In the tradition of James Fenimore Cooper’s Leatherstocking romances, The Big Sky is distinguished among other fine historical novels for its realism and sharp insight into the psychology of the American Western pioneer. Like Cooper’s adventure fiction, A. B. Guthrie’s book explores the clash between two cultures: that of the retreating Indian tribes and that of the advancing Yankee frontiersmen. As the frontier expands westward, the Indians are forced to surrender their lands, their freedom, and their spiritual heritage. In the unequal struggle, the white pioneer, too, loses a portion of his heritage: a sense of idealism.
The “big sky” of Guthrie’s title is the vast open land of the frontier, once teeming with wildlife, but slowly—even within the chronology of the novel, 1830 to 1843—changing, with the slaughter of buffalo, beaver, and other creatures of the forest and plains. In his descriptions of the land, its vegetation, and its animals, as well as of the rough frontiersmen, Guthrie has the eye of a naturalist; the smallest detail does not escape his attention. From The Big Sky, one learns how deer, elk, and mountain goats survive in the wilderness, how rivermen operate a keelboat, how fur hunters kill and strip game, and how mountain men endure the bitter Northern winters. Unlike many other adventure stories treating the West, Guthrie’s novel is without sentimentality. For the hunters, traders, and marginal farmers of the outlying territories, life is hard and often brutal. In his realism, Guthrie does not gloss over the harsh truths of the time. Trapped in a winter storm without food, Beauchamp becomes a cannibal and devours his dead companion, Zenon. Boone Caudill murders his best friend, Jim Deakins, whom he wrongly suspects of fathering his son. Guthrie’s treatment of the Indians is similarly unsentimental. The squaws who mate with the white hunters are described, for the most part, as dirty, complaisant whores; whole tribes, like the Piegans, are wiped out by smallpox; others are reduced to the condition of drunkards. Poordevil, the Blackfoot who accompanies Boone, Jim, Dick Summers, and the other trappers, is a hopeless alcoholic. Thus, to Guthrie, the clash between the two cultures brutalizes both the white people and the native Indians.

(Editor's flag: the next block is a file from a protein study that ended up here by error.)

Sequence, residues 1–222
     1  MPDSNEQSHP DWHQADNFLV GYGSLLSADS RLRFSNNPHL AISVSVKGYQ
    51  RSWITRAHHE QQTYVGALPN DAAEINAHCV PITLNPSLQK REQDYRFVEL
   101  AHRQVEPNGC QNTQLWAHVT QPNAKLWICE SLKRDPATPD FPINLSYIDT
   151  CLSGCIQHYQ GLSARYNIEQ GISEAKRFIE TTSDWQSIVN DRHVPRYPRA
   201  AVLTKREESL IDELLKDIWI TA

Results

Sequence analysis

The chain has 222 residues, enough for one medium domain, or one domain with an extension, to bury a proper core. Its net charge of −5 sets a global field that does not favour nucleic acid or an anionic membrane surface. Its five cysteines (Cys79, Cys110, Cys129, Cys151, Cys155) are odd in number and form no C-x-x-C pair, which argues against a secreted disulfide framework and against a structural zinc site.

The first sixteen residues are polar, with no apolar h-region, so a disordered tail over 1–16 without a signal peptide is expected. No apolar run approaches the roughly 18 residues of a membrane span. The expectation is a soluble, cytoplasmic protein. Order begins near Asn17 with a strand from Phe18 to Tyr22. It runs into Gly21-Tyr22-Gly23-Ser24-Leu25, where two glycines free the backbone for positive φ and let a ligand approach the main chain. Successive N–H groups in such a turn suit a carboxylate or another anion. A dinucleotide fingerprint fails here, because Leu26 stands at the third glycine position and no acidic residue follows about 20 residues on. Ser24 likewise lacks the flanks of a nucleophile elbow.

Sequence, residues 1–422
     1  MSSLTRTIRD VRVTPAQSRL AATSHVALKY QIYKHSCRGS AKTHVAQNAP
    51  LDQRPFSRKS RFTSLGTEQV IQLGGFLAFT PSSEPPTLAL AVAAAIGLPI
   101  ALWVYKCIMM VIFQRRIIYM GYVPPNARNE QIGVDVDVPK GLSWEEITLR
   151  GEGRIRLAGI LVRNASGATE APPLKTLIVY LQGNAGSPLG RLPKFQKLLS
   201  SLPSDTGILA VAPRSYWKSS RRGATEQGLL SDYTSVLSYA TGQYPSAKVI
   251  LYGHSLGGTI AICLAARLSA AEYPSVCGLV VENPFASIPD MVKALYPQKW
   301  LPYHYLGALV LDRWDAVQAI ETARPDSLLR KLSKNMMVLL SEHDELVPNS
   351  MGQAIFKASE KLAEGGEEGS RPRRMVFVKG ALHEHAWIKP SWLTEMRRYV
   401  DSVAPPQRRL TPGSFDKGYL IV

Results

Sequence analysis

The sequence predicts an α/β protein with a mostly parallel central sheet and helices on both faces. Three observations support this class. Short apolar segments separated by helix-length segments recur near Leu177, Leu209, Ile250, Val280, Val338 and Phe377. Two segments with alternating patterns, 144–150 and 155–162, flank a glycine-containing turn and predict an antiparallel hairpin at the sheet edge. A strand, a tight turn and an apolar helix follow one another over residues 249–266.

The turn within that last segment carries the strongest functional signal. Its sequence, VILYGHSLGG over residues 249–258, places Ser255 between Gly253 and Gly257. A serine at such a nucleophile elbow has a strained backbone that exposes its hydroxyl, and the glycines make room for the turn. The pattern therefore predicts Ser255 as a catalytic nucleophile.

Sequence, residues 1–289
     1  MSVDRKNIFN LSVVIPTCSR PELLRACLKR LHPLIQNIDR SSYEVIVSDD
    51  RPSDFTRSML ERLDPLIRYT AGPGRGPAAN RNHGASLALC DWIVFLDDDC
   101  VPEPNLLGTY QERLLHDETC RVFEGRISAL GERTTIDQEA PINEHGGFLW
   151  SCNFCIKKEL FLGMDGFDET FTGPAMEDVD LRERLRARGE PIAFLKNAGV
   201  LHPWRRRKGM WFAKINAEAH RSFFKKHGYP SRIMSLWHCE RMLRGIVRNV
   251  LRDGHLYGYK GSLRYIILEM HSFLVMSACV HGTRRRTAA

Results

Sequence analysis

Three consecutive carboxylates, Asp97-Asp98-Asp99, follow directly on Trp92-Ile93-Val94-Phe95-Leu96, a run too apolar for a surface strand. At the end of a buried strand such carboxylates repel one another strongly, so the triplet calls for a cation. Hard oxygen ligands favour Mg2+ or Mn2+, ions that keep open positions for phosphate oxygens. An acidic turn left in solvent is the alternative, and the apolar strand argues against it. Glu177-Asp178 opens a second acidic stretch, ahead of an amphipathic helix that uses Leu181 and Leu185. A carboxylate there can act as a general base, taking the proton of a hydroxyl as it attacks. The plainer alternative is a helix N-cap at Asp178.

In his analysis of the characters’ motivations, the author is also a tough-minded realist. His protagonist, Boone, is a violent, headstrong, mostly insensitive man whose redeeming virtue is his loyalty. Throughout most of his adventures, he trusts, with good reason, his longtime friend Jim. Yet, at the last, he kills Jim when he fears, mistakenly, that his friend has betrayed him. In a similar vengeful action, he abandons his beloved Indian wife, Teal Eye, when he suspects her of adultery. From these impulsive actions he brings about the ruin of his dreams. Guthrie once wrote that the theme of The Big Sky (paraphrasing Oscar Wilde) is that each man destroys the thing he loves best. Nevertheless, Boone’s destructive impulse results as much from his early experiences as from his conscious will. Abused by his father, robbed by the clever rascal Jonathan Bedwell, cheated by the law, Boone has come to regard men warily, as objects of his revenge. His passions, too elemental to be curbed by reason, run their course, as in Greek tragedy. In a larger sense, however, his personal defeat is insignificant compared to the greater tragedy of the dwindling American frontier. Although Boone and his fellow frontiersmen love the land, they are at least partly responsible for ravaging it. By 1843, the year when the novel ends, much of the frontier still remained, but the pattern for its destruction had already been established. The “big sky,” like the mountain men’s idealistic ambitions, would henceforth be diminished.